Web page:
- Because these map to the separate OGR routines OGR_G_Transform and OGR_G_TransformTo. Specifically, the transform routine takes a CoordTransform object as a parameter, whereas the transform_to routine takes a SpatialReference object. The transform_to "function requires internal creation and initialization of [a CoordTransform] object [and] it is significantly more expensive to use this function to transform many geometries than it is to create the [CoordTransform object] in advance, and call transform() with that transformation. This function exists primarily for convenience when only transforming a single geometry."
Here is an example of how the model API currently works (assume this example is in geoapp/models.py):
from django.contrib.gis.db import models class District(models.Model): name = models.CharField(maxlength=35) num = models.IntegerField() poly = models.PolygonField() objects = models.GeoManager() class School(models.Model): name = models.CharField(maxlength=35) point = models.PointField() objects = models.GeoManager()
Notes: The GeoMixin syntax is no longer needed as of r6467. By default, a GiST index will be created for the School PointFields fields. This behavior can be turned off by using models.PointField(index=False).
Both manage.py commands sqlall and syncdb work on geographic models:
$ python manage.py sqlall geoapp
BEGIN; CREATE TABLE "geoapp_school" ( "id" serial NOT NULL PRIMARY KEY, "name" varchar(35) NOT NULL ) ; CREATE TABLE "geoapp_district" ( "id" serial NOT NULL PRIMARY KEY, "name" varchar(35) NOT NULL, "num" integer NOT NULL ) ; SELECT AddGeometryColumn('geoapp_school', 'point', 4326, 'POINT', 2); ALTER TABLE "geoapp_school" ALTER "point" SET NOT NULL; CREATE INDEX "geoapp_school_point_id" ON "geoapp_school" USING GIST ( "point" GIST_GEOMETRY_OPS ); SELECT AddGeometryColumn('geoapp_district', 'poly', 4326, 'POLYGON', 2); ALTER TABLE "geoapp_district" ALTER "poly" SET NOT NULL; CREATE INDEX "geoapp_district_poly_id" ON "geoapp_district" USING GIST ( "poly" GIST_GEOMETRY_OPS ); COMMIT;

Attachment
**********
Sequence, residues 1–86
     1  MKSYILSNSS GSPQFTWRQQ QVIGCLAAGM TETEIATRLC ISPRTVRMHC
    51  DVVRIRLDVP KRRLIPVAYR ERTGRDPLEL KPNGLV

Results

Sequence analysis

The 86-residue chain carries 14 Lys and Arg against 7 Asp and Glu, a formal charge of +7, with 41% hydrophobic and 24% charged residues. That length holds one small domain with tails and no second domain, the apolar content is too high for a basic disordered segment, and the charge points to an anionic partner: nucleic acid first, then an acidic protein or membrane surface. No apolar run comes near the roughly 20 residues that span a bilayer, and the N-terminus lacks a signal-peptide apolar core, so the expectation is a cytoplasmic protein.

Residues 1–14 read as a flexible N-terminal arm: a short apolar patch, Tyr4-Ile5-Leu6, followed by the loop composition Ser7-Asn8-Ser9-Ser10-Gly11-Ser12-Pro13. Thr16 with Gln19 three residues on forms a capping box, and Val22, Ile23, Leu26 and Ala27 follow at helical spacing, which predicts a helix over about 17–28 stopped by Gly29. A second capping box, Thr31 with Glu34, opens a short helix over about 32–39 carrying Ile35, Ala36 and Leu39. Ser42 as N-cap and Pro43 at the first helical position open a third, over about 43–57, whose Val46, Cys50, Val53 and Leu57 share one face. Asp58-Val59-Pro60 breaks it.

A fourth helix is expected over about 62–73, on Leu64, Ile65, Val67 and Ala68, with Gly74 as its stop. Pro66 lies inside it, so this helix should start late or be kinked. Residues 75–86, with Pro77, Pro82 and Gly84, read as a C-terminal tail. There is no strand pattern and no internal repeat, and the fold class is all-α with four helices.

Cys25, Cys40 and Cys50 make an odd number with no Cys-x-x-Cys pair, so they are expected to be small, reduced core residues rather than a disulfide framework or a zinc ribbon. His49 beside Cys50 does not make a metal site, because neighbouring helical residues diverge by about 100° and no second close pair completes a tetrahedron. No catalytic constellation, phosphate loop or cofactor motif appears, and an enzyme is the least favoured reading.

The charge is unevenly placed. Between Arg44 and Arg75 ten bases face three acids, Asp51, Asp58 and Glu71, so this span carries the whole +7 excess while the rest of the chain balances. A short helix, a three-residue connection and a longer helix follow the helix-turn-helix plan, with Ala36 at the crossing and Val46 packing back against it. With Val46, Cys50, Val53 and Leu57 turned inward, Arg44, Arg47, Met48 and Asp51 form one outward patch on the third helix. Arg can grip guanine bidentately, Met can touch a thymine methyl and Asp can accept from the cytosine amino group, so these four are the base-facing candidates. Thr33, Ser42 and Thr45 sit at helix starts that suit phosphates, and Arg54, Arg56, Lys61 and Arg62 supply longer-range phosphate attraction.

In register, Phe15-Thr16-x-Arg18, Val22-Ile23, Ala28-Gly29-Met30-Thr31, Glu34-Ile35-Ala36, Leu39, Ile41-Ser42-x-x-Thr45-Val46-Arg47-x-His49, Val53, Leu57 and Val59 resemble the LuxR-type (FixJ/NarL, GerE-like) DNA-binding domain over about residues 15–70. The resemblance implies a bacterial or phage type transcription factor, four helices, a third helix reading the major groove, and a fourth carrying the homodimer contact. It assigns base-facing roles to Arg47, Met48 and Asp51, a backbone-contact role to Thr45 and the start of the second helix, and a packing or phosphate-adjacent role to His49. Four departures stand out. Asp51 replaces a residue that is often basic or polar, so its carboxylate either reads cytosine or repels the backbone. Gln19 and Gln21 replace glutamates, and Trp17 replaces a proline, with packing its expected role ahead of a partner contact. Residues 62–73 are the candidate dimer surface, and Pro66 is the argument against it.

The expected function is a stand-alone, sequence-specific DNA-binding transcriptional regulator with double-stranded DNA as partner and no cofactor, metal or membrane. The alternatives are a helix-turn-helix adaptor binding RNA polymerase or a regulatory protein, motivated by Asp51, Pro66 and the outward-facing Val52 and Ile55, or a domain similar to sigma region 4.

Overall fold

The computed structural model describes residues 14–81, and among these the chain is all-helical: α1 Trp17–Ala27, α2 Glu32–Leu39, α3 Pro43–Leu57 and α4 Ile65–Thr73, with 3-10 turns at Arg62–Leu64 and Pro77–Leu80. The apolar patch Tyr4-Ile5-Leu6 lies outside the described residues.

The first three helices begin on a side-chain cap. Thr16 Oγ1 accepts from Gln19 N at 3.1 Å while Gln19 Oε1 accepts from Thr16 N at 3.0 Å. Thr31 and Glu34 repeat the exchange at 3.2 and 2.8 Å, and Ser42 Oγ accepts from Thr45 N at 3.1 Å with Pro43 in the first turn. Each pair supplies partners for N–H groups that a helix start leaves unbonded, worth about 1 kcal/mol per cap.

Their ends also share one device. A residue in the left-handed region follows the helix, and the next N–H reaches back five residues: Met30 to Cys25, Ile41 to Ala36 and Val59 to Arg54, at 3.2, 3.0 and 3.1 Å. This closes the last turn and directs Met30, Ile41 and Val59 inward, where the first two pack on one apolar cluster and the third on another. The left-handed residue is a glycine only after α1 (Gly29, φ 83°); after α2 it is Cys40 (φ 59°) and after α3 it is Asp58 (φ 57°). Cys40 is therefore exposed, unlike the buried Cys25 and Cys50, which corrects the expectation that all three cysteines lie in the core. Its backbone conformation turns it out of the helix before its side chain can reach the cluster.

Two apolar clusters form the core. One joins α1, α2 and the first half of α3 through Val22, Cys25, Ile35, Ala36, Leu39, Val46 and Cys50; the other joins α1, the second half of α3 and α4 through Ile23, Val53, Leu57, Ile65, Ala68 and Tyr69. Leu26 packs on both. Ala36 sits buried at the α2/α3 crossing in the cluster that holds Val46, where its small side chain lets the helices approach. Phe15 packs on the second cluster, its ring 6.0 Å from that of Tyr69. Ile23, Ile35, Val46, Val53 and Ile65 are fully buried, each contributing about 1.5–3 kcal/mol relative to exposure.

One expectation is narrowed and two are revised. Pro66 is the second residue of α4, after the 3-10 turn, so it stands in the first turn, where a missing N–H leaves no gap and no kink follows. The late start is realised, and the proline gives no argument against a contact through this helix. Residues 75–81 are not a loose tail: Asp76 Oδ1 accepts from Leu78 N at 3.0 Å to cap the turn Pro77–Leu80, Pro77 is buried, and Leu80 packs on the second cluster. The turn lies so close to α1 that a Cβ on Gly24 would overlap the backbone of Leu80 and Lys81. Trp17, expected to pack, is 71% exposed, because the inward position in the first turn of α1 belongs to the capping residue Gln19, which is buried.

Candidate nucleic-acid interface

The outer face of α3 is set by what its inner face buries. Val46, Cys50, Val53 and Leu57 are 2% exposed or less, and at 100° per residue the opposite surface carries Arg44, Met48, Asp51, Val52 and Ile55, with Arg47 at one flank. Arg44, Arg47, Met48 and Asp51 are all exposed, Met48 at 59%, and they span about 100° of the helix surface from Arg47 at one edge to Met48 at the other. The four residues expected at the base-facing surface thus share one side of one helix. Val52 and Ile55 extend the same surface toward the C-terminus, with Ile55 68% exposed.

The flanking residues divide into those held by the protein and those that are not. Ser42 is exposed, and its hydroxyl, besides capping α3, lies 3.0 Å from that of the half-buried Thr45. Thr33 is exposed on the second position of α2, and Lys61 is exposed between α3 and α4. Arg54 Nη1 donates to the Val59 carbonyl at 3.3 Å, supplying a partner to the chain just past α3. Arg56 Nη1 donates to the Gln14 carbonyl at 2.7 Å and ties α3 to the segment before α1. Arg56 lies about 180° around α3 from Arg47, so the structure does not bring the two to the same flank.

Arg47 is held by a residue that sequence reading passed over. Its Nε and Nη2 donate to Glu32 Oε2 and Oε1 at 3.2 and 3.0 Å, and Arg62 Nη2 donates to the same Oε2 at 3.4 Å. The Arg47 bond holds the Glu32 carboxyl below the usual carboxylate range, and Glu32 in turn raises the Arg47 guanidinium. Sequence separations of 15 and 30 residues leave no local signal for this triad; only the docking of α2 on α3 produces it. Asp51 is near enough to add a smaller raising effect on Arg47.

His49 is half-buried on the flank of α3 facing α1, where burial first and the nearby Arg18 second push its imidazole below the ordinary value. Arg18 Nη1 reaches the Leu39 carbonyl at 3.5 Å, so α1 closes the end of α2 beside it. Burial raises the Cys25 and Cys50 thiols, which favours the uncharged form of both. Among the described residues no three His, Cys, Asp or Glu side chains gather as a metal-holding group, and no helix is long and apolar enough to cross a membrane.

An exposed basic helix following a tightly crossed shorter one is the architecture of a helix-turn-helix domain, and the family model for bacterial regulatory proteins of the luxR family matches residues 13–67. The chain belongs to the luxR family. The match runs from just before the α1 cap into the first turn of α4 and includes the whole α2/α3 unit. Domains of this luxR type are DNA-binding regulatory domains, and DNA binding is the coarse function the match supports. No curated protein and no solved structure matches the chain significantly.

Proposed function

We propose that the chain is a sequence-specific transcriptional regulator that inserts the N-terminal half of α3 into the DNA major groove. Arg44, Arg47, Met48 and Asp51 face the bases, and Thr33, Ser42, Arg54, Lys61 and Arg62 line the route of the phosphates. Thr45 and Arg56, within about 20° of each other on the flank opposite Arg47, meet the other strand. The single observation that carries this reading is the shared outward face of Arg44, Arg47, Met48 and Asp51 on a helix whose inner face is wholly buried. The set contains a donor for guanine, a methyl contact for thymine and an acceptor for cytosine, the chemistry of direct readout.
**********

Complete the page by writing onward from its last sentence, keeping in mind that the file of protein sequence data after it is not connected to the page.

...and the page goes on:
$ python manage.py syncdb geoapp
Note: The geometry columns are created outside of the CREATE TABLE statements by the AddGeometryColumn. This is done according to the OpenGIS specfication.
- See Open GIS Consortium, Inc., OpenGIS Simple Feature Specification For SQL, Document 99-049 (May 5, 1999), at Ch. 2.3.8 (Geometry Values and Spatial Reference Systems, pg. 39).
After a geographic model has been created, the PostGIS additions to the API may be used. Geographic queries are done normally by using filter() and exclude() on geometry-enabled models using geographic lookup types (see the Database API for lookup types). In the following example, the bbcontains lookup type is used which is the same as the PostGIS && operator. It looks to see if the bounding box of the polygon contains the specific point. The next example uses the PostGIS Contains() function, which calls GEOS library to test if the polygon actually contains the specific point, not just the bounding box.
>>> from geoapp.models import District, School >>> qs1 = District.objects.filter(poly__bbcontains='POINT(-95.362293 29.756539)') >>> qs2 = District.objects.filter(poly__contains='POINT(-95.362293 29.756539)')
Both spatial queries and normal queries using filter() may be used in the same query. For example, the following query set will only show school districts that have 'Houston' in their name and contain the given point within their polygon boundary:
>>> qs = District.objects.filter(name__contains='Houston').filter(poly__contains='POINT(-95.362293 29.756539)')
Or combine both the bounding box routines (less accurate, fast) with the GEOS routines (most accurate, slower) to get a query that is both fast and accurate:
>>> qs = District.objects.filter(poly__bbcontains='POINT(-95.362293 29.756539)').filter(poly__contains='POINT(-95.362293 29.756539)')
Geographic fields on models are proxies to GEOS Geometry objects, allowing for many interesting possibilities:
>>> from django.contrib.gis.geos import fromstr >>> pnt = fromstr('POINT(-95.362293 29.756539)', srid=4326) >>> hisd = District.objects.get(name='Houston ISD') >>> hisd.poly.contains(pnt) True >>> hisd.poly.within(pnt) False